Social Security may come with its insecurities, particularly when one is seeking disability benefits from the Social Security Administration. The application and review process, being especially strict to filter out those who abuse the provision, may seem like being kicked when you are already down. But by considering some lesser known secrets and tips from those who know from experience, your own experience may be less painful and even more successful.
Don't set yourself up for a psychological crash. The book "Post-Traumatic Stress Disorder for Dummies" notes that obtaining disability benefits is often a chore and sometimes a battle. Those who handle your case and communicate with you may appear indifferent or even hostile toward your plight. But this is just the nature of the process, and not a personal attack. Knowing this means that you should prepare yourself for an experience that will require perseverance, aggression and a coherent demonstration of evidence that supports your case.
The SSA's website, socialsecurity.gov, provides instructions for applying and determining eligibility. The site also provides instructions for how to appeal if the SSA denies your first application. The book, "The Secrets of Money," cites an important fact that every applicant must consider: obtaining disability benefits from the SSA means proving disability in doing anything. For example, even if a person loses his legs and can't perform his former job, which required the use of his legs, still the SSA can argue that the applicant has his arms, and thus still is able to work, just in a different field, such as computers.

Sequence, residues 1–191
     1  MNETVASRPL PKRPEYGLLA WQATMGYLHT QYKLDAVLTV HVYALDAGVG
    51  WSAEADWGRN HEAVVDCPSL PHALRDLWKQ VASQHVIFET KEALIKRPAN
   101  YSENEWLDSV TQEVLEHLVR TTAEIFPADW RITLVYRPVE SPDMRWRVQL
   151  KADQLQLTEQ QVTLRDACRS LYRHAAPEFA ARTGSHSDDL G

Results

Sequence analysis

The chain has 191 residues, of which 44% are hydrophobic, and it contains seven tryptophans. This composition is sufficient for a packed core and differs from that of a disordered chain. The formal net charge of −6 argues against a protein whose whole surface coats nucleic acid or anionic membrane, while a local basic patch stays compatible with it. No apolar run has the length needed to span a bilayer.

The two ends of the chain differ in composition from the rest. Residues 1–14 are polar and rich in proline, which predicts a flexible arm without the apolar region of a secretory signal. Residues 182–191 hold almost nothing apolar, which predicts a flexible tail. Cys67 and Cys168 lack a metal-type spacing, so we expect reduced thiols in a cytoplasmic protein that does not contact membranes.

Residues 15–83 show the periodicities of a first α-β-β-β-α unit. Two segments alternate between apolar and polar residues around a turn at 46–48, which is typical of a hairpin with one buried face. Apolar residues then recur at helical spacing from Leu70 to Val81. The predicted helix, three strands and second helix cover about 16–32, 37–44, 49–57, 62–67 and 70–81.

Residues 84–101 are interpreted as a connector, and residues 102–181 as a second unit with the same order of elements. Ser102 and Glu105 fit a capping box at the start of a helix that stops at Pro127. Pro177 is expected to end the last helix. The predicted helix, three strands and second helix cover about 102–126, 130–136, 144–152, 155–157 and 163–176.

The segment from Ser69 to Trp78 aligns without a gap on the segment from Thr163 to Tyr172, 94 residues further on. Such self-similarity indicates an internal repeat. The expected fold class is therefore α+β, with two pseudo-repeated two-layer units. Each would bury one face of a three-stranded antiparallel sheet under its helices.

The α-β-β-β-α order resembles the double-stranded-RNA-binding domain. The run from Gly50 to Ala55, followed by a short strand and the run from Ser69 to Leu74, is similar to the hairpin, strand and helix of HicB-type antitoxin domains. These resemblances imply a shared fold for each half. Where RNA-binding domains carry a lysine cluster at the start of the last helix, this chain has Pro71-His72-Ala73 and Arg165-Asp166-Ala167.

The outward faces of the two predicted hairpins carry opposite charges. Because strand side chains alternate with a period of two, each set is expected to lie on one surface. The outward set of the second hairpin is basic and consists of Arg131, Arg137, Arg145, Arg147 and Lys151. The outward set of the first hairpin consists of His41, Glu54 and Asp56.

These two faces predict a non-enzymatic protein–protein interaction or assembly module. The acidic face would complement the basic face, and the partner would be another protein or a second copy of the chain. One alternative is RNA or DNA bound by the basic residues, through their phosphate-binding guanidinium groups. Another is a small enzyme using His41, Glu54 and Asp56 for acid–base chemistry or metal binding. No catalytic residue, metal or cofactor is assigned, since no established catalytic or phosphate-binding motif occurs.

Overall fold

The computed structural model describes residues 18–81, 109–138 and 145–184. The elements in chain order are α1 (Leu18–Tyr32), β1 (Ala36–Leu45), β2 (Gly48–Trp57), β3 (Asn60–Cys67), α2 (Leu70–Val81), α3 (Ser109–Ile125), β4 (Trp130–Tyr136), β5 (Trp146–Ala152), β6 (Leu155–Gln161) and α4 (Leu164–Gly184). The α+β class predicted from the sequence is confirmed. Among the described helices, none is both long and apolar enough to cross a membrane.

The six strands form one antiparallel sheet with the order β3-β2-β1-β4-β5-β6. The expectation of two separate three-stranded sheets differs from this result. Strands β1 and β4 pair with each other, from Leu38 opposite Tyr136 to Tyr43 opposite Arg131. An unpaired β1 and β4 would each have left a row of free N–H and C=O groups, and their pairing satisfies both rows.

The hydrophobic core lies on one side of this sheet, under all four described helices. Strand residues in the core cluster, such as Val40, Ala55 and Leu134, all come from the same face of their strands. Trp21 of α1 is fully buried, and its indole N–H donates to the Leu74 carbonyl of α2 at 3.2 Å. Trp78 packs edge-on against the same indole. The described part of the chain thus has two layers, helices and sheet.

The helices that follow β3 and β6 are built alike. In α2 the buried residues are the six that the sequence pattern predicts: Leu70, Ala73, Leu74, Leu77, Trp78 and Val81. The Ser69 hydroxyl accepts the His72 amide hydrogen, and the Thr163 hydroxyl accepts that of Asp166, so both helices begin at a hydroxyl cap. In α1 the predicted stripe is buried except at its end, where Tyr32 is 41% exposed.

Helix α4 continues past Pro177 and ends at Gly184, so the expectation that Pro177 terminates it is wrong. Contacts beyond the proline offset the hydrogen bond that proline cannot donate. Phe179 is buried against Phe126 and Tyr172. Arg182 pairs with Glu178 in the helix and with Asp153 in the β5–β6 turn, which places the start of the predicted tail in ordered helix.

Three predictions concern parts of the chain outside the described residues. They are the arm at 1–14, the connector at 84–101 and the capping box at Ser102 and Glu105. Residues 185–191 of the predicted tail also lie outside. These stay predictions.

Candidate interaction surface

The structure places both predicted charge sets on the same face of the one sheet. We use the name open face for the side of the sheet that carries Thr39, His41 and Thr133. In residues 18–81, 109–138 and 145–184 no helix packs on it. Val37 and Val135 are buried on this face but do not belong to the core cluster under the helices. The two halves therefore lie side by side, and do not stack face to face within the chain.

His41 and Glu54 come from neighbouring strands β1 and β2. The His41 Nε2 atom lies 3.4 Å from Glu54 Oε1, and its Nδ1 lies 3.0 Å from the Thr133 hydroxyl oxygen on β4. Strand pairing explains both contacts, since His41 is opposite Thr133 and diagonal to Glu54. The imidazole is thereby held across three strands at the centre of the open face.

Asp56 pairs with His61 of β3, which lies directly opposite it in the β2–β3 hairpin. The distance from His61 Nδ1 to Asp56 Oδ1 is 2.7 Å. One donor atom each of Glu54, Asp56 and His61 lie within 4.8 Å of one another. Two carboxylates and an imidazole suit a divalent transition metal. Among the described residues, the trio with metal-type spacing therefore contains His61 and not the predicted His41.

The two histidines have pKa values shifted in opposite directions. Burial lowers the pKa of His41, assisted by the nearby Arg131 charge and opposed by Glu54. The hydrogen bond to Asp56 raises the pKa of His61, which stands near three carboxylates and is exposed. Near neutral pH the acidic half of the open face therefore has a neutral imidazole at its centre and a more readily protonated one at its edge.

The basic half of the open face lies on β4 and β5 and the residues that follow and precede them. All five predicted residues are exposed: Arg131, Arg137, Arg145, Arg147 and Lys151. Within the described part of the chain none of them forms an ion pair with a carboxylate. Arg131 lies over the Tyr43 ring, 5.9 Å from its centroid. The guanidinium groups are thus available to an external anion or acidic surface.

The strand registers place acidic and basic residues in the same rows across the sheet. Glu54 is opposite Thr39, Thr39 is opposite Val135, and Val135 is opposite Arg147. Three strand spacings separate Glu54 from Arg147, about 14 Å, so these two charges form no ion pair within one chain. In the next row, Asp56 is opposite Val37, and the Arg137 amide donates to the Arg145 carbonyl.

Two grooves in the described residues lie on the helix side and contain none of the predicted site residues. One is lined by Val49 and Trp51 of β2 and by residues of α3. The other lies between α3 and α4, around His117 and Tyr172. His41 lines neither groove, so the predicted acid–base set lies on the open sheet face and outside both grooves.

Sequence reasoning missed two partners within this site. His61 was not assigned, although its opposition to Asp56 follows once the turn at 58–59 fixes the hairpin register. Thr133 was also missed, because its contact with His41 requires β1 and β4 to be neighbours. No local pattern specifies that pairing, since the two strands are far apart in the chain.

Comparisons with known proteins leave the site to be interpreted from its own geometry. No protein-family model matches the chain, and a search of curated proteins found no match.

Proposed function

Once you submit your application it goes to a panel of physicians for approval. According to the book "Rheumatology Secrets," the panel approves about one-third of these applications. If initially denied, however, an applicant may have his case reviewed by another panel. If denied even at this point, the applicant may appeal to an administrative law judge who may require that the applicant make a personal appearance. This judge approves about 50 percent of the cases. But if denied even after this review, the applicant may appeal to the Social Security Appeals Council and to a U.S. District Court, which results in relatively few approved cases. Overall, notes "Rheumatology Secrets," the SSA approves about 40 to 50 percent of applications received.
Because of the uncertainty inherent in applying for disability benefits from the SSA, some opt for short- or long-term disability insurance from private firms. "The Secrets of Money" author Braun Mincher, though, asserts that this type of disability insurance is maybe the most undersold insurance in America. Part of the reason comes from the misconception that health insurance and disability insurance offer the same benefits — or that worker's compensation sits in the same category as disability insurance. For disability coverage that's more certain, then, consider purchasing a short- or long-term disability insurance policy — or both.
- “Post-Traumatic Stress Disorder For Dummies”; Mark Goulston; 2007
- Social Security Administration
- “The Secrets of Money: A Guide for Everyone on Practical Financial Literacy”; Braun Mincher; 2007
- “Rheumatology Secrets”; Sterling G. West; 2002
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